Here's a good example of the flight director in straight and level flight.
The flight director consists of the two light green bars forming a cross (+) overlaying the airplane symbol on the Primary Flight Display (PFD). The vertical bar is the roll bar . The horizontal bar is the pitch bar. Notice how the bars are centered on the airplane symbol and not the horizon.
The bar(s) will displace left/right or up/down giving the pilot a visual cue to follow the desired vertical and lateral track. And also allowing the pilot watch the performance of the autopilot.
Here's an example (a little fuzzy) of the airplane making a right turn. But look at how the flight director bars are centered on the airplane symbol. The airplane is right where it should be at this point in time. Look at the Nav Display (ND) and compare manuever being performed with the desired flight path coming out of this holding pattern. Interesting
B747Skipper From , joined Dec 1969, posts, RR: Reply 13, posted (9 years 2 months 2 weeks 2 days 12 hours ago) and read 3862 times:
Dear Klaus -
I do not know your knowledge of aircraft flight instruments.
Let me try to explain in very simple terms...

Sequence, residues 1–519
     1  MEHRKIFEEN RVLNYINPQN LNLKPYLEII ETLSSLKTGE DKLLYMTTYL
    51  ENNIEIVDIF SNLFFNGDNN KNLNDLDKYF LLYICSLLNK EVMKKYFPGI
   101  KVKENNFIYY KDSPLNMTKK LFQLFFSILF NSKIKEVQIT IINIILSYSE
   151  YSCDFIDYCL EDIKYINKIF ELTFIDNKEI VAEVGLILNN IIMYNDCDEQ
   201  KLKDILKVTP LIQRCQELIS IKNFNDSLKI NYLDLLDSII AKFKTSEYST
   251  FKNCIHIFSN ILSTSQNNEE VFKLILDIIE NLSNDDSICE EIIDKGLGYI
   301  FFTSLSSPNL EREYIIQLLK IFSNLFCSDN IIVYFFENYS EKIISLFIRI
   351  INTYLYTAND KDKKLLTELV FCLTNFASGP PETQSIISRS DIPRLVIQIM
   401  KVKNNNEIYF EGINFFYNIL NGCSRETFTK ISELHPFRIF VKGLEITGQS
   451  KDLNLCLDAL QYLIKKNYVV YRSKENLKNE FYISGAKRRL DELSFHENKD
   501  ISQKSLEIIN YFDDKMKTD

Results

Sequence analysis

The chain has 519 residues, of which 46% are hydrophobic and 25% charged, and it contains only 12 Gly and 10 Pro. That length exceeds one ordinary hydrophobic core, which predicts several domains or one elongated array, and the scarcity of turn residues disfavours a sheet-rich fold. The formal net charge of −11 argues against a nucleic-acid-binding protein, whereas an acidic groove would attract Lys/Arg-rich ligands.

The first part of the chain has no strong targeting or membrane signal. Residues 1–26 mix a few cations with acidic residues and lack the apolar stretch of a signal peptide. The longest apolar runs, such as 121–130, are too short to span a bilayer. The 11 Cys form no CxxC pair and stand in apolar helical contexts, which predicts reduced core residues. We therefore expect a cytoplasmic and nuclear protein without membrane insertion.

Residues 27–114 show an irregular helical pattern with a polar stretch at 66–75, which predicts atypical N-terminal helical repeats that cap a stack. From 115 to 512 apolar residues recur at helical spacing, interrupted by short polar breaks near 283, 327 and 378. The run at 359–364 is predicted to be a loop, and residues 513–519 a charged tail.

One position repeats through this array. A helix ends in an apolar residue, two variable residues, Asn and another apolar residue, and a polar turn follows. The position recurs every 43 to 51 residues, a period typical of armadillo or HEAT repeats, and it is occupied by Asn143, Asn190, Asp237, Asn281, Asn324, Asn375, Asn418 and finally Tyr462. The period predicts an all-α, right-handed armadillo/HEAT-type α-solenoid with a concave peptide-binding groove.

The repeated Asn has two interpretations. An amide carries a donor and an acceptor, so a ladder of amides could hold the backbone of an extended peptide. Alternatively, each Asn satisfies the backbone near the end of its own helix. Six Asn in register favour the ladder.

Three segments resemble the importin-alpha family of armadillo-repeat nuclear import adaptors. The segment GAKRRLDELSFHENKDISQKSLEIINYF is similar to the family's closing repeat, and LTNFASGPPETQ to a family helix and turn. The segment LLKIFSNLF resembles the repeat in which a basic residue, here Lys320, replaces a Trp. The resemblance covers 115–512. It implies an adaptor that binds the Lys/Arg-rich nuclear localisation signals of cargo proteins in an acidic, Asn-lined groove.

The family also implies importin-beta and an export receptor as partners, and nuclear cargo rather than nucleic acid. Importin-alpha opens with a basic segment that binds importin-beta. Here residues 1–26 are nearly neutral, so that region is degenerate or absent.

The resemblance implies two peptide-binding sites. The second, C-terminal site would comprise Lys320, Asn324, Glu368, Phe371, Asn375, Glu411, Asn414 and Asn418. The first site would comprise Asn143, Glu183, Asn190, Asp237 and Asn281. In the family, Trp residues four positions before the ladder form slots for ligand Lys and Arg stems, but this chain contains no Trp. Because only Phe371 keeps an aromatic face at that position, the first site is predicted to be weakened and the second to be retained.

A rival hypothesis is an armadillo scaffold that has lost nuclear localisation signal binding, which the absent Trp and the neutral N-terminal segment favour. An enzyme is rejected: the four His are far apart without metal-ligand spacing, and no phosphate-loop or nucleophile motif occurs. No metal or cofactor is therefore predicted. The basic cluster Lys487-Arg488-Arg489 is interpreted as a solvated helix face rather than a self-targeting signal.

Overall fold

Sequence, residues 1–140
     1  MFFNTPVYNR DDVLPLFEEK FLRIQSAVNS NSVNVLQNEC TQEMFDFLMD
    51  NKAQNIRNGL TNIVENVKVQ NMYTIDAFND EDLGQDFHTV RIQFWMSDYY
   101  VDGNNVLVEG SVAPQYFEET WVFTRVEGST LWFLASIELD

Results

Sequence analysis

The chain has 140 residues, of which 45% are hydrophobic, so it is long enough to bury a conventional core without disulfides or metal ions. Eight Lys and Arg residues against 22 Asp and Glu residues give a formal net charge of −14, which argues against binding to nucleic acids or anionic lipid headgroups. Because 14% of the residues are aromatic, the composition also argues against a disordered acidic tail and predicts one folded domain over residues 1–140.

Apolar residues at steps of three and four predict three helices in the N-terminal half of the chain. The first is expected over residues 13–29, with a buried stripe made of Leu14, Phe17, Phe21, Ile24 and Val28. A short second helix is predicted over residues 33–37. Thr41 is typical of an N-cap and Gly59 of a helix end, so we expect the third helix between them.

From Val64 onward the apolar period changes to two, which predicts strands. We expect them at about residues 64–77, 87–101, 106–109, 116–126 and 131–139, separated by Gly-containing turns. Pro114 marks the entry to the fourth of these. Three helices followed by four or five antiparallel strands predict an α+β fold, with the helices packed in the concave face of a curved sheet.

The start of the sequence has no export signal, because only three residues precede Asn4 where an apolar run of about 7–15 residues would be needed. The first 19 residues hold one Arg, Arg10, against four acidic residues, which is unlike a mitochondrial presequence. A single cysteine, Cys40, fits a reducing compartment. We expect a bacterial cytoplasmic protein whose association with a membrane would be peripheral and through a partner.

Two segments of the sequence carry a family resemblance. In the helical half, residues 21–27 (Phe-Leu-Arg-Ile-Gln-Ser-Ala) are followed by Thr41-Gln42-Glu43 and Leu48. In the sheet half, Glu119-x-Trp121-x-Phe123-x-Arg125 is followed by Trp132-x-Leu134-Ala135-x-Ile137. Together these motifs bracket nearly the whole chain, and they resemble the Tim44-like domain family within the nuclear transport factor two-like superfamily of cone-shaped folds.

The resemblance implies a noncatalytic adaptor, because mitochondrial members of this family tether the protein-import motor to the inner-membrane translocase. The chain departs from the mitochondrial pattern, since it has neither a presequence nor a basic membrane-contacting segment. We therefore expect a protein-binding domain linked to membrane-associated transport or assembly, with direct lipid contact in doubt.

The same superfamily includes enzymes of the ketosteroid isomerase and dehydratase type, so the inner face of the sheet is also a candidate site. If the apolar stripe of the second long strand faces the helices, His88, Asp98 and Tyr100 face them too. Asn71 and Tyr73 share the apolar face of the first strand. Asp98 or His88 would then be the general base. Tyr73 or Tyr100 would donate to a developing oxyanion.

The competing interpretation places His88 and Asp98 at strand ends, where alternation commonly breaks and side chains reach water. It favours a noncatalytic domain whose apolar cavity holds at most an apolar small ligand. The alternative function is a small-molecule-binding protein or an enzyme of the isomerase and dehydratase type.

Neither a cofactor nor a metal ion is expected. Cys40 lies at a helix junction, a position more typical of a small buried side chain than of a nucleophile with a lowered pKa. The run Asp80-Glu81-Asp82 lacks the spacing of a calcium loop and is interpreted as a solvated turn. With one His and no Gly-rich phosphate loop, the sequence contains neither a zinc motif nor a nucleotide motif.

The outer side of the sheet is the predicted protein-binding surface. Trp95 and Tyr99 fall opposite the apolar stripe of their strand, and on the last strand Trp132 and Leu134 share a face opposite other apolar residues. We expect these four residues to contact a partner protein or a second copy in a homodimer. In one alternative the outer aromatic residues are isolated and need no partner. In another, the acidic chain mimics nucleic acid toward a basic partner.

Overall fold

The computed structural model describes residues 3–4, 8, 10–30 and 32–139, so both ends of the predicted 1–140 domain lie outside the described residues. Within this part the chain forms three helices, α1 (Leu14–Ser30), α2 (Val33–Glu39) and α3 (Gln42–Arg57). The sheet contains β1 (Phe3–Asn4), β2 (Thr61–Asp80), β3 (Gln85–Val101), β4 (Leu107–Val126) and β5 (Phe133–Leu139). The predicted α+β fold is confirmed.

In the middle of flight instruments, we have an "artificial horizon"
Oftentimes the top of display is blue (the sky), bottom is grey (earth).
A line separates the two (the "horizon")...
In the middle, there is a symbol representing the aircraft (the wings).
If the plane goes up, it is climbing, or turns (banks)...
In the "single cue" display, the "v bars" indicate which way to go...
Up, down, bank left, bank right.
All you have to do, is to match your airplane symbol into the "v bars"...
In the "double cue" display, the vertical bar gives a command left or right.
If the vertical bar goes to the left, bank the plane symbol to the left.
If you satisfy the command, the vertical line will go to center.
Same for the horizontal bar, bar goes down, put the airplane symbol down.
If the command is stisfied, the horizontal bar goes to the center.
Commands "satisfied" is the airplane symbol matching the V bars.
I sometimes say "fly formation in or with the V bars...
Or the needles in the center (for double cue displays)...
Perfect cross is in the center.
This display is used to fly i.e. an ILS approach.
Guidance for the localizer and the glide path.
I did not know how to explain to you, Klaus... hope this helps...
Happy contrails -
Klaus From Germany, joined Jul 2001, 20860 posts, RR: 55 Reply 15, posted (9 years 2 months 2 weeks 2 days 7 hours ago) and read 3844 times:
Thank you for your explanations.
I think I´ve got some understanding of the more important instruments, but this part was still missing.
Apparently I had guessed correctly, just couldn´t find a confirmation on the Net, especially none with pictures.